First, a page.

Quite often, I hear from my clients things like “I didn’t know I was being photographed”, “Wow! I love these candid shots, totally in the moment” or “I never would have guessed this photo would be my favorite, it’s so natural and genuine…” As you might have guessed, we’re talking about capturing weddings as they unfold, in the moment…Candidly.
Photojournalism or “Candid’s” are currently all the rage. Everyone seems to be asking for this preferred photography style…the natural, uncontrived, candid style. I have always considered myself more of a candid and modern type of photographer. Shooting in a straightforward manner creates so much more real beauty for my wedding clients, we are able to truly capture the magic of their day. Where did it come from and what does it actually mean to me and to my clients?
Long ago, my early photos were captured on 35mm film. The first images I was inspired to captured were still life photos with my parent’s point and shoot film camera. When I started to take my photography more seriously and to consider it professionally, film was barely hanging on by a thread. Nowadays, most of us look back at our parent’s wedding albums (probably any wedding pre 2000) consisting of fewer images and more posed shots. Back in the day, wedding clients would view “proof books”, a compilation of all the slides from the wedding day shoot to build their album. Typically a proof book would only consist of a few hundred photos, limiting creativity and ability to capture those genuine, hidden, and impromptu moments throughout a wedding day. Jobs were quoted by how many rolls of film would be used. 8 rolls @ 36 exposures would provide a client with 288 photos max. These days an average 8 hour wedding day shoot will produce around one thousand (1,000) images, more than three times as many as when our parents were married.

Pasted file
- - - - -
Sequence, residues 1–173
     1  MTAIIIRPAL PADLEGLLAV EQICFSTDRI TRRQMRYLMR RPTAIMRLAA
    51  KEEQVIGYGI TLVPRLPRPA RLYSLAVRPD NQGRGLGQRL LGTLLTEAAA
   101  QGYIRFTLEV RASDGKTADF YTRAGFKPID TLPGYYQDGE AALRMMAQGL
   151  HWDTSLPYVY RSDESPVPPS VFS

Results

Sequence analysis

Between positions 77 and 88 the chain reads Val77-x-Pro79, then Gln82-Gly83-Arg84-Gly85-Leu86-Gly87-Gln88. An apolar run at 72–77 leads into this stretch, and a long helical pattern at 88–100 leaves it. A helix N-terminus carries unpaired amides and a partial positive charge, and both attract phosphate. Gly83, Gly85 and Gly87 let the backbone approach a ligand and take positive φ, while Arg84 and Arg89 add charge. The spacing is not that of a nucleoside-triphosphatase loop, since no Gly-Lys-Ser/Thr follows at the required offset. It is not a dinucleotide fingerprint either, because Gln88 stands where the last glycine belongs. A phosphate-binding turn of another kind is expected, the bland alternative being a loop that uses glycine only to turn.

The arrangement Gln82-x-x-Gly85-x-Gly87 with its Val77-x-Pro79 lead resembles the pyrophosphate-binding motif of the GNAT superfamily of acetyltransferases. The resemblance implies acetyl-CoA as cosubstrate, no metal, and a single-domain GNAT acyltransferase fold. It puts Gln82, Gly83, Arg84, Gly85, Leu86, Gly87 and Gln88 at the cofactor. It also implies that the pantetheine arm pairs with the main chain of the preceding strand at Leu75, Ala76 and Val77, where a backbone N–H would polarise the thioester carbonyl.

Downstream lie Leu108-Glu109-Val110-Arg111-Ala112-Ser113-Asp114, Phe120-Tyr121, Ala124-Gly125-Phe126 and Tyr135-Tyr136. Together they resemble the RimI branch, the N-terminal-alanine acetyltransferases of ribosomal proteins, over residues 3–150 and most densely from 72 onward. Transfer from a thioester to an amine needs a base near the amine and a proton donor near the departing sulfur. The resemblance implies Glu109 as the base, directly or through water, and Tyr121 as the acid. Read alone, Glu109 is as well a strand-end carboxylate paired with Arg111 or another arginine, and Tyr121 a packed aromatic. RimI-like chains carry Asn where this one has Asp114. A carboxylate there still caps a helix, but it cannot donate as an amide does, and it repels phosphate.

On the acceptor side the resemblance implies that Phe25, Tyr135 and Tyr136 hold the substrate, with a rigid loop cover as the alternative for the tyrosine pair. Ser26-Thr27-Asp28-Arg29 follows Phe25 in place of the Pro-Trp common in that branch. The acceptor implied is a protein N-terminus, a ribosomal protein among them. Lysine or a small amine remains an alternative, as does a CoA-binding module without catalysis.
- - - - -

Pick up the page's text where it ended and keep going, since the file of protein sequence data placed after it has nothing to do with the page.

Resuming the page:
When film is the only option for a wedding photo shoot, a photographer is unable to view the images in real time on their camera screen, less chances are take, and only handful of candid moments are captured. Photographers were limited and would plan each and every shot very carefully. “Stand here please…give me a moment to adjust my flash and check the light:, “Ok, look at me…hold that” , “ I need to adjust the settings. Ok, look at each other, drop your hip, stand up straight, tilt your head to the left”… “everybody look this way, smile” , “hold that, keep holding” – CLICK! “Lets try that again, this time look at me, head down…don’t blink, smile please…” CLICK! “Hold on… Johnny moved and Sara, you blinked, lets try that again…” The life of a wedding photographer back in the days of film was much less creative, natural, and real…much less candid.
As a modern day wedding photographer, we capture every moment flowing with the event and the reception, following along as the day unfolds. The Bride and Groom prep, details of the dressing, the first look, wedding party portraits and group shots, travel in the limo, bus, or trolley, the actual ceremony, family formals, more of the wedding party, cocktail hour, detail shots of the reception, table shots, introductions, cake cutting, speeches, first dances, dance floor fun shots, tossing of the garter and bouquet, more dancing, more traditions, some sunset shots, end of the night moments, and anyone in the family dancing with Grandma and Grandpa… and on and on…don’t forget to add just about anything else that happened during your special day…what ever it is, I will be there and try to capture all of it.